Why is the children’s home still open? | Local News
The Margaret Kistow Children’s Home, identified for immediate closure five months ago in the Judith Jones Committee report into child care abuse, was due to be closed by the Children’s Authority in 2019.
It was the most recent attempt to shut down a house that had been in business for almost 30 years. Why the house remains open today is a mystery that Gender Affairs Minister Ayanna Webster-Roy cannot explain. In an interview last Wednesday, she said: “Information obtained from the CATT (Childhood Authority) indicates that no recommendation to close this home has been made.”
However, the Sunday Express has seen documents from the Children’s Authority, one of which is dated August 26, 2017, titled ‘Margaret Kistow Children’s Home: Plans for the Cessation of Operations’. The plan was discussed at length by the board and management of the Children’s Authority, according to minutes titled ‘Matters involving Margaret Kistow Children’s Home’ and reviewed by the Sunday Express.
Two years later, the minutes of the Authority’s board of directors meeting of March 22, 2019 stated that “the Authority will write to the RC (community residence) informing them that they are taking measures to cease their activities and engage the OPM (Office of the Prime Minister) to help with the placement of children currently residing in this CR.
The move was to start with the youngest children first. This was supposed to happen in April 2019, according to documents seen.
To this day, the house continues to operate. He receives $75,000 a month in government grants, according to Webster-Roy. The house is also generously supported by large donations of provisions from well-meaning members of the public.
A source familiar with the then Department of Social Development’s National Family Services Division in the 1990s recalled that the Kistow home had since been flagged for similar offenses identified in the current Judith Jones committee report.
Almost a decade later, in 2016, the Children’s Authority gave the home a year and a plan to improve critical aspects of its operations or be closed. When the deadline expired in September 2017, the house was still non-compliant. Yet it was not closed.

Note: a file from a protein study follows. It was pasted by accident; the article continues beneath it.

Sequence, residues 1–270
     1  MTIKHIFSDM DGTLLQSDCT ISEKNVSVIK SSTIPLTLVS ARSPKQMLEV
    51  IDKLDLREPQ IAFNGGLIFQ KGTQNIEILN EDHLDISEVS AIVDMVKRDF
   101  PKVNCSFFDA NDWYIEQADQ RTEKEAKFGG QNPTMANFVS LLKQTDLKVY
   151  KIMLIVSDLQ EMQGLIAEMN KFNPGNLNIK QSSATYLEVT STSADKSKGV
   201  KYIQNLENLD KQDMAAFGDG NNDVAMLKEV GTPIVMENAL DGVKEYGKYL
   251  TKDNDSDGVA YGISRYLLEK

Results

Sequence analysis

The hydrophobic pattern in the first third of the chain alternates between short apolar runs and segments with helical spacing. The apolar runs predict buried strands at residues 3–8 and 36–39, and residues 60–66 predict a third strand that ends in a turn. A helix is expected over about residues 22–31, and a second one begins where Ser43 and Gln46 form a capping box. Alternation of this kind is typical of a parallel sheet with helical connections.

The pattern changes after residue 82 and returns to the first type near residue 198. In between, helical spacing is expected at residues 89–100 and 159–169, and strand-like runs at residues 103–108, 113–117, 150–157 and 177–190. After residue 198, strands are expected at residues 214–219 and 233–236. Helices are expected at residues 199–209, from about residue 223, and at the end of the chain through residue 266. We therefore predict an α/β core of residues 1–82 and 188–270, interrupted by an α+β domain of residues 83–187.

An internal Children’s Authority document titled “Report of non-compliance at Margaret Kistow Children’s Home, 26 September 2017” observed an infestation of cockroaches, floor and walls covered in dust and dirt, food expired items, excess donated items still in bags and boxes, uncovered bins overflowing with trash and houseflies, litter and debris in the yard, stray dogs wandering the yard, dog feces, broken cabinets and shelves, among others.
According to the Authority’s 2017 internal report, the children in the house wore the wrong size clothes, some had no vaccination cards or birth certificates, no board games or toys, had never been to the dentist or had never had their eyes examined, and discipline was ongoing. forced to kneel in a corner.
Despite the home’s previous non-compliance, the Authority again gave the home a deadline of November 31, 2017 to comply.
In March 2019, as the Authority’s deadline to begin removing young children from the Margaret Kistow home approached, the Children’s Authority board finally agreed to close the home.
Then a month later, in April 2019, board minutes show Safiya Noel, then director of the Children’s Authority, reporting that “the home had made considerable efforts to improve”. According to board minutes, by then the home had received official communication from the Authority of its intention to close the home. Similar closing comments came from the Public Health Division, as noted in council minutes.
All Authority board minutes and reports are sent to the Ministry of Gender Affairs in the Office of the Prime Minister (OPM).
The Judith Jones Committee report recommended the immediate closure of the Margaret Kistow Home for fear of a “catastrophic event which would result in high losses”.
In September 2017, the Children’s Authority closed the Family First Foundation for Children in Tobago, another home reported by the Authority.
However, in this case, the Authority only issued its closure notice after a fire engulfed the Calder Hall facility which housed nine children, including a three-month-old baby and three-year-old twins. No one was hurt.